With the breakdown of faith and family has come a breakdown of the marriage rite. People basically equate shacking up with marriage. Many see a wedding ceremony as superfluous.
It is true that you don't need a fancy dancy wedding with all the hoopla. (I've encouraged people away from such things as the extravagance is just as unbiblical). But is there good reason for a wedding and official act of wedding?
There is no exact verse that you can go to to say weddings are mandated by God. That's because a wedding ceremony is something you glean more from the implications of Scripture rather than a specific proof text.
In the bible we do see that God required a certificate of divorce when a marriage was dissolved. Such, of course, implies that there is a formalized certification of marriage.
The nature of the vow is also something you have to understand. The vow is a serious one. Historically we have talked about the "solemnization of marriage." The grave nature of it necessitates witnesses and formal verbal expression. You can sort of compare it to a vow by a jury or court witness. (It has implications for church membership too, but a lot of churches don't have formal profession of faith or membership vows).
In sum, the ceremony is a way of indicating before God and man that you promise and covenant to be faithful to one another and that severing this relationship is radically evil.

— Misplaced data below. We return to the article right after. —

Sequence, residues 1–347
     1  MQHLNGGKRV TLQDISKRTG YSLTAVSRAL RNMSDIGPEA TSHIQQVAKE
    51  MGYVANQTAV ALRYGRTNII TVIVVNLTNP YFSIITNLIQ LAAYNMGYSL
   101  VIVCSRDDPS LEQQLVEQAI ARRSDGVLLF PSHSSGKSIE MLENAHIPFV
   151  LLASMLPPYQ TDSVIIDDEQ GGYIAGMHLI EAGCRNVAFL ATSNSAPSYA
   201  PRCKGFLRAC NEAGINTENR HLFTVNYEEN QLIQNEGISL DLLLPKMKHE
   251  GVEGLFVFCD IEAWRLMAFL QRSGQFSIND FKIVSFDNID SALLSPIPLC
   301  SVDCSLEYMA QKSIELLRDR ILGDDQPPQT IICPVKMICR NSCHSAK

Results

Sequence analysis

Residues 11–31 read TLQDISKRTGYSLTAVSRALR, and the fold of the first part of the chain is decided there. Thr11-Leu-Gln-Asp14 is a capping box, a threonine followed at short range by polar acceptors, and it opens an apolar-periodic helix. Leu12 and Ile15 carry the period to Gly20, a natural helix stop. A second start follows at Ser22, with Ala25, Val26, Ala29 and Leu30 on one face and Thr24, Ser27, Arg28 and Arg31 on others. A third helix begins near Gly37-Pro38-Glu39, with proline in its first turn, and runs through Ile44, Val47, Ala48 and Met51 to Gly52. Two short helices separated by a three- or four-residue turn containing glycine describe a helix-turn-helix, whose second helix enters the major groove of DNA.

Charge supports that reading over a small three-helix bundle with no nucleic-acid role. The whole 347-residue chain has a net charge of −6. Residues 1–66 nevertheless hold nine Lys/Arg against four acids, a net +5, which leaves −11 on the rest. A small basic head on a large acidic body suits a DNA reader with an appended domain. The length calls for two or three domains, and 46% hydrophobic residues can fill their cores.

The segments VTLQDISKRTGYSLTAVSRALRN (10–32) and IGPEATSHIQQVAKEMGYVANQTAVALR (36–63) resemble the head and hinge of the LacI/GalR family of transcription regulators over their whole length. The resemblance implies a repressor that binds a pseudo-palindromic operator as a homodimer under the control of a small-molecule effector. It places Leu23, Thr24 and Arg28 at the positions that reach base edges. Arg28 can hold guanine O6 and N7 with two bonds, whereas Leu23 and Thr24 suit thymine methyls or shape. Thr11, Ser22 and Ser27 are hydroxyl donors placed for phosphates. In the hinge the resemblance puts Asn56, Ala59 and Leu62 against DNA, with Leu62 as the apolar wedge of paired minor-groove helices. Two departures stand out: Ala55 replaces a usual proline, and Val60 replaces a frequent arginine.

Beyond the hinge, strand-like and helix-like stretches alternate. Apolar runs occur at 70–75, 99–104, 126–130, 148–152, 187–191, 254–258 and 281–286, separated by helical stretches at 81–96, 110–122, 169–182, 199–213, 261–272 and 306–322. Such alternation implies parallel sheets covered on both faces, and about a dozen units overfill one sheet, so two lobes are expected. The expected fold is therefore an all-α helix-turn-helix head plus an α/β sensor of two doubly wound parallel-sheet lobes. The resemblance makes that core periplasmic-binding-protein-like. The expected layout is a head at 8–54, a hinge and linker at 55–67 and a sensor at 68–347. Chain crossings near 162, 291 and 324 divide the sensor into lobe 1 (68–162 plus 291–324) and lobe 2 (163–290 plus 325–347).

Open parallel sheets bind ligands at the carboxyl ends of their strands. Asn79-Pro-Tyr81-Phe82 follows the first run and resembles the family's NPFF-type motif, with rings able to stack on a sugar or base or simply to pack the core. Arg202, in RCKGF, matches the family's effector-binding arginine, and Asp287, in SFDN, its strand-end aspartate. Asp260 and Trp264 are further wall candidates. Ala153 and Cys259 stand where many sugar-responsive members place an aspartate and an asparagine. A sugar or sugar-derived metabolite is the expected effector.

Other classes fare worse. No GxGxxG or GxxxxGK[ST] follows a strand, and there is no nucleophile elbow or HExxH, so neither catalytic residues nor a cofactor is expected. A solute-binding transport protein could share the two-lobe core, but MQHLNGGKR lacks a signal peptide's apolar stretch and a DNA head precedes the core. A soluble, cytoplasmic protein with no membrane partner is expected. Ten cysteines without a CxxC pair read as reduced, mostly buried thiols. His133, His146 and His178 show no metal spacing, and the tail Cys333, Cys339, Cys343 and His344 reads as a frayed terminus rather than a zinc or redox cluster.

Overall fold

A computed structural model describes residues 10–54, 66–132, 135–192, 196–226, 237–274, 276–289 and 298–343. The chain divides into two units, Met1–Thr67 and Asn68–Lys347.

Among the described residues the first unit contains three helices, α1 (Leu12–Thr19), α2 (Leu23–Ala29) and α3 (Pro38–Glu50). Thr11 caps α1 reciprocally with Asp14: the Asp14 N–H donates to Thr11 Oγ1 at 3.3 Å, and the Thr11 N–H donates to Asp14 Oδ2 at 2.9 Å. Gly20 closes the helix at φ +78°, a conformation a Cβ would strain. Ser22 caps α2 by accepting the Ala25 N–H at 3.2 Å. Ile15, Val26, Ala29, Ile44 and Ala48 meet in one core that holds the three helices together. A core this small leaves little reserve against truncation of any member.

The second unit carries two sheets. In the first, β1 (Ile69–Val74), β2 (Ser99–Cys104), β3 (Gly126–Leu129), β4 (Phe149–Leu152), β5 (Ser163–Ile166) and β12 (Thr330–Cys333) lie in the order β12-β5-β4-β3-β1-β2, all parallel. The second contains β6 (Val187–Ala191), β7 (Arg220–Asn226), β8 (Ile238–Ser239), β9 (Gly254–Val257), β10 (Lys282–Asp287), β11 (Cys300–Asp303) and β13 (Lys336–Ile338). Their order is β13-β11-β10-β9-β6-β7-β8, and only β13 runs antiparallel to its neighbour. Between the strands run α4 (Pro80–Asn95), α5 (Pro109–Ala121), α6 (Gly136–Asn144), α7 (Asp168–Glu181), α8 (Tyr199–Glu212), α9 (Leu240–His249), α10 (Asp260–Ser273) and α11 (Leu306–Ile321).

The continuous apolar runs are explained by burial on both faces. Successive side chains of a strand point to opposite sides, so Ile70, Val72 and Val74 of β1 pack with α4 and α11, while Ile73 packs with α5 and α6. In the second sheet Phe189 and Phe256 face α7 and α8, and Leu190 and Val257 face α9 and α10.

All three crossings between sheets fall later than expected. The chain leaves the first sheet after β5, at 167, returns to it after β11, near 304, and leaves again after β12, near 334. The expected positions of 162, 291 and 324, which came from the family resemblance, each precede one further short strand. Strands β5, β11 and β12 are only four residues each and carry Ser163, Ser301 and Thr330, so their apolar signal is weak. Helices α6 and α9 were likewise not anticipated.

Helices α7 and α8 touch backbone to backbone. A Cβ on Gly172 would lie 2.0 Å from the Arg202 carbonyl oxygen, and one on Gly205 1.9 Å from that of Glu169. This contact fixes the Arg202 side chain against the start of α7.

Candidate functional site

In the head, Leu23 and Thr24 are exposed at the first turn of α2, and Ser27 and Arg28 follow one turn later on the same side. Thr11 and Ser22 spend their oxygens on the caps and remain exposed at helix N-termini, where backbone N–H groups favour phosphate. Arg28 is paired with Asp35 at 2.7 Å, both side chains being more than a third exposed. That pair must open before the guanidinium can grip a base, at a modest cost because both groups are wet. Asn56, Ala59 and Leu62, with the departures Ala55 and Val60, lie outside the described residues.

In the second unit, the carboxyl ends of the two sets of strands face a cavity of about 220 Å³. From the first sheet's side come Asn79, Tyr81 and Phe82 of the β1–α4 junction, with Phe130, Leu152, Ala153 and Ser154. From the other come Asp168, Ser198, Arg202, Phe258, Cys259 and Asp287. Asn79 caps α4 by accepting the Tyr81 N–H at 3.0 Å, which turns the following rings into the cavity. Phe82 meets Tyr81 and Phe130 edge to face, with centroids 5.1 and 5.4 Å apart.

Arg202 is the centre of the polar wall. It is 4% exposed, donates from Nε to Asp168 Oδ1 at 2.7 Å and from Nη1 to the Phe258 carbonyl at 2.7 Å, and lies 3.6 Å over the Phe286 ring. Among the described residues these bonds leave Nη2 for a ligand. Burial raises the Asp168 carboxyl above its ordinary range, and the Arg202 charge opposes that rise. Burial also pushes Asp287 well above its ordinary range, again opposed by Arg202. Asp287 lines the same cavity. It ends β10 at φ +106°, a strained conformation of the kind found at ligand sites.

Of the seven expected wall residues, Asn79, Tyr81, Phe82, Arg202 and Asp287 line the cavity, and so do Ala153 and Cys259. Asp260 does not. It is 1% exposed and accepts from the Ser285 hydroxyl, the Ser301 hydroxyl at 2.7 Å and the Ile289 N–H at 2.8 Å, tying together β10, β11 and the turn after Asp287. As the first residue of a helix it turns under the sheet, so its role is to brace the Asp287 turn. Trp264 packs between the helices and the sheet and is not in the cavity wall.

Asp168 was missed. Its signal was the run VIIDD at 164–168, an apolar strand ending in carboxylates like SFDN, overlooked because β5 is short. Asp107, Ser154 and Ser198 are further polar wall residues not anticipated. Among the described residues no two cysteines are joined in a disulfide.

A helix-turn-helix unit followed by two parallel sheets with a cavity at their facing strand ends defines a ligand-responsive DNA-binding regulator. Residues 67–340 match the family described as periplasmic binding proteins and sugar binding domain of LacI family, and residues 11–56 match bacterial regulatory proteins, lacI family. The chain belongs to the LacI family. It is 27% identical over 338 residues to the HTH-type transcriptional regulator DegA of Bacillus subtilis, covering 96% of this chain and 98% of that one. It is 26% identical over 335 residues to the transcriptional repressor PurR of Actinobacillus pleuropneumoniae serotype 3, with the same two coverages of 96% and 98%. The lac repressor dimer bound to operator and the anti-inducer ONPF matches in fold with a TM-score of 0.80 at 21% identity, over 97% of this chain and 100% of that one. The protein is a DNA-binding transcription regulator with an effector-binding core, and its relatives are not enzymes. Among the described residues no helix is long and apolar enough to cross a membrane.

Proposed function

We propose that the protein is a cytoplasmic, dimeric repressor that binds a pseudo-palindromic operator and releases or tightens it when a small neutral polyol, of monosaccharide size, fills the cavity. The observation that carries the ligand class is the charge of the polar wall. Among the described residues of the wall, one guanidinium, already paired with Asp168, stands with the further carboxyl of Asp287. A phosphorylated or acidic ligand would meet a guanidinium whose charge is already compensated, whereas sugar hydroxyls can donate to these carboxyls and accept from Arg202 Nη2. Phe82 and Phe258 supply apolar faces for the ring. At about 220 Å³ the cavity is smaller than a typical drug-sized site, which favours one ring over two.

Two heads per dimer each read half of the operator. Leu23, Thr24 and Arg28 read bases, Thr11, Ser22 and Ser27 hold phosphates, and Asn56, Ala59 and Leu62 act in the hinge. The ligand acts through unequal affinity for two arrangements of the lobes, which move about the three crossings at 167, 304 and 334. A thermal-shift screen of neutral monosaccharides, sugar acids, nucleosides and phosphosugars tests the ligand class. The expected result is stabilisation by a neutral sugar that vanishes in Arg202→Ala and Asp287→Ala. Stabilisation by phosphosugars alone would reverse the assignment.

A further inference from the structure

You might also see the wedding in Cana as another text to think about. Jesus' attendance by way of implication seems to indicate that he countenanced the wedding ceremony.
If anything you can say that the wedding is at least a way of celebrating a beautiful relationship The Lord has brought together. Thus the whole water into wine thing.
There is also the issue of headship. A woman is subject to her father until she is married. Then she comes under her husband's authority. Thus she needs her father's permission and guidance in marriage. There is that small but very important part of the ceremony where the father "gives her away." This signifies the fact that he agrees with this decision (and therefore is partially responsible for it!).
We should also remember that marriage is not just religious in nature. It is a civil institution too. As the basic building block of society (Gen. 2) the family is integral to the state. That is why there are always fights to define it and regulate it (just look at the homosexual push today). Because the state has an interest in marriagethere is a need for official recognition.
Again, such does not imply a whole lot of hoopla. Running of to Vegas or simply going before a justice of the peace is just as legit (though lacking the divine element that Christianity would prefer).
There are such things as common law marriages where two people live together for so long that they are considered married. These vary from state to state and are sort of a cheap way around true marriage and therefore not to be commended.
These, however, ought to serve as a few reasons why a man and a woman should make every attempt to be wed and not just think that their agreement to live together is sufficient grounds for their relationship.
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